Prince Lef Nikolayevitch Muishkin is one of the great characters in Russian literature. Is he a saint or just naive, an idealist or, as many in General Yepanchin's society feel, an 'idiot'? Certainly, his return to St. Petersburg after years in a Swiss clinic has a dramatic effect on the beautiful Aglaya, youngest of the Yepanchin daughters and on the charismatic but willful Nastasia Phillipovna. As he paints a vivid picture of Russian society, Dostoyevsky shows how principles conflict with emotions - with tragic results.
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No match for Crime and Punishment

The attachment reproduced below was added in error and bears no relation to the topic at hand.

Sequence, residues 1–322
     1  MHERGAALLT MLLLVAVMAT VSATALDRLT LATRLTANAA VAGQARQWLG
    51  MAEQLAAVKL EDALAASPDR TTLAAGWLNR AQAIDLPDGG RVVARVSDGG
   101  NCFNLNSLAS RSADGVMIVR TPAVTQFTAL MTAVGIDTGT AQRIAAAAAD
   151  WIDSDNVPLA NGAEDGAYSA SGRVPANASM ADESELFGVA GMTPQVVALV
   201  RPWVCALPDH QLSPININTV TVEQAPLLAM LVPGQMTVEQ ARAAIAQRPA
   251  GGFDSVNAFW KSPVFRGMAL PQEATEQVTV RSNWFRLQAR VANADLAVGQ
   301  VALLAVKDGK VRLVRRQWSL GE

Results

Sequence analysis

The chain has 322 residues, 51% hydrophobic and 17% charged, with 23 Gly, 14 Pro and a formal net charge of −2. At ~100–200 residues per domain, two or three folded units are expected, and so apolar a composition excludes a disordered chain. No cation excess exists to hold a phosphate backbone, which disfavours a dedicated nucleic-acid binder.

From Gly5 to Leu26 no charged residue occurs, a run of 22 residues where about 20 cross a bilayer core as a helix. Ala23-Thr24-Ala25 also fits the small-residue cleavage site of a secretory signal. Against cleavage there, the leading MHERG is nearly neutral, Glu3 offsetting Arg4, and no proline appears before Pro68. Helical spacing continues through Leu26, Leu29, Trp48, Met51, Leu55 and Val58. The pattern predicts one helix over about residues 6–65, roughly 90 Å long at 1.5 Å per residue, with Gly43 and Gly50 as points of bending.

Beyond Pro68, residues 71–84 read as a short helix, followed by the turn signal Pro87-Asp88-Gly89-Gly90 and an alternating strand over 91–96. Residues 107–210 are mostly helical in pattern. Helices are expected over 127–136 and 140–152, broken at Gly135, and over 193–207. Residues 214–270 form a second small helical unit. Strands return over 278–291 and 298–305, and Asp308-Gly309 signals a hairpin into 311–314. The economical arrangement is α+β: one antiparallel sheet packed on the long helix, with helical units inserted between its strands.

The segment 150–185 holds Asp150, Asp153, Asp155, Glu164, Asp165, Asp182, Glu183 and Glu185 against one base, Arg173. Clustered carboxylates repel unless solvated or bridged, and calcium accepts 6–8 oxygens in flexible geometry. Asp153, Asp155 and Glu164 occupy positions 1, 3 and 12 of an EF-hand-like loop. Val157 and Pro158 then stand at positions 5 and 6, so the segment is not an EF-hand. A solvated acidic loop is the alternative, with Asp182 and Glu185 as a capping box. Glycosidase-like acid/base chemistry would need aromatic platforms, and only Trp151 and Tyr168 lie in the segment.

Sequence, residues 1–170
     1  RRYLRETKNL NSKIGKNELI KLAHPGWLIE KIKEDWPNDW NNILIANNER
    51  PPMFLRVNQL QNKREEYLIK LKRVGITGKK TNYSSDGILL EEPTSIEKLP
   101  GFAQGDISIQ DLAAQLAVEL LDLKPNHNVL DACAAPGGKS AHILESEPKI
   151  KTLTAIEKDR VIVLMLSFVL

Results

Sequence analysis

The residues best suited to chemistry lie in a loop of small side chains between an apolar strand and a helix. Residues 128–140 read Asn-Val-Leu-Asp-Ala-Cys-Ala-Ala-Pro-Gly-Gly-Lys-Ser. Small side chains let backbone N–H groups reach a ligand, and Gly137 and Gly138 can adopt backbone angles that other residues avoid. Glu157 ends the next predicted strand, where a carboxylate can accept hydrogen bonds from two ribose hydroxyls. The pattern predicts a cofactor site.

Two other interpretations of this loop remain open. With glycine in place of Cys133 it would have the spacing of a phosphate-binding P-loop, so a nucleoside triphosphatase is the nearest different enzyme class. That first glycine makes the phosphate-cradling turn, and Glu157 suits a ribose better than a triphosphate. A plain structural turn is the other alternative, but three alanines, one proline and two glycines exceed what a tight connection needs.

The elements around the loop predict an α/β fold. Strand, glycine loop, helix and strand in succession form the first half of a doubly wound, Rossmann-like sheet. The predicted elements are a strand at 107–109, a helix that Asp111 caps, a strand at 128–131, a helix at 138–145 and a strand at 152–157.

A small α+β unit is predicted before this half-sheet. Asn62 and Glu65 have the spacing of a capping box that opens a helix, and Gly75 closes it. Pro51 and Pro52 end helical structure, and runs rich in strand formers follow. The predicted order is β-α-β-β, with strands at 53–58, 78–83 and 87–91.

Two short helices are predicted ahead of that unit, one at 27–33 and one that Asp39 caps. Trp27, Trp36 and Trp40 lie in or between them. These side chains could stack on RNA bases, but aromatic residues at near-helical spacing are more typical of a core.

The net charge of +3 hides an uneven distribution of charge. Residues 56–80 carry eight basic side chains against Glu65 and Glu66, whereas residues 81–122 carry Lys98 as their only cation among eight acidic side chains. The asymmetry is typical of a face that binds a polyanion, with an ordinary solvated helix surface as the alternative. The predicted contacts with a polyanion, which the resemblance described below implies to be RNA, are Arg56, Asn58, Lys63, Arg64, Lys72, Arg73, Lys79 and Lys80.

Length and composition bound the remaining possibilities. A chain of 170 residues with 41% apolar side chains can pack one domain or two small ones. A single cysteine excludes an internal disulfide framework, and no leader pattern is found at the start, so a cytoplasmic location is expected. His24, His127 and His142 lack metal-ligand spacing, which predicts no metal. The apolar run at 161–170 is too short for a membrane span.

Even the great Dostoyevsky was capable of a dud. This abysmally dull novel has about as many characters as a telephone directory, some of whose appearances are described to the tiniest detail while others are left completely blank. People's names are impossible to remember and usually I had no idea who was being referred to, as the writer alternated between first name, patronym, surname and title. The plot concerns itself mostly with affairs and betrayal and would have been better suited for a soap opera. If you want to get into classic Russian literature, you might want to skip this one.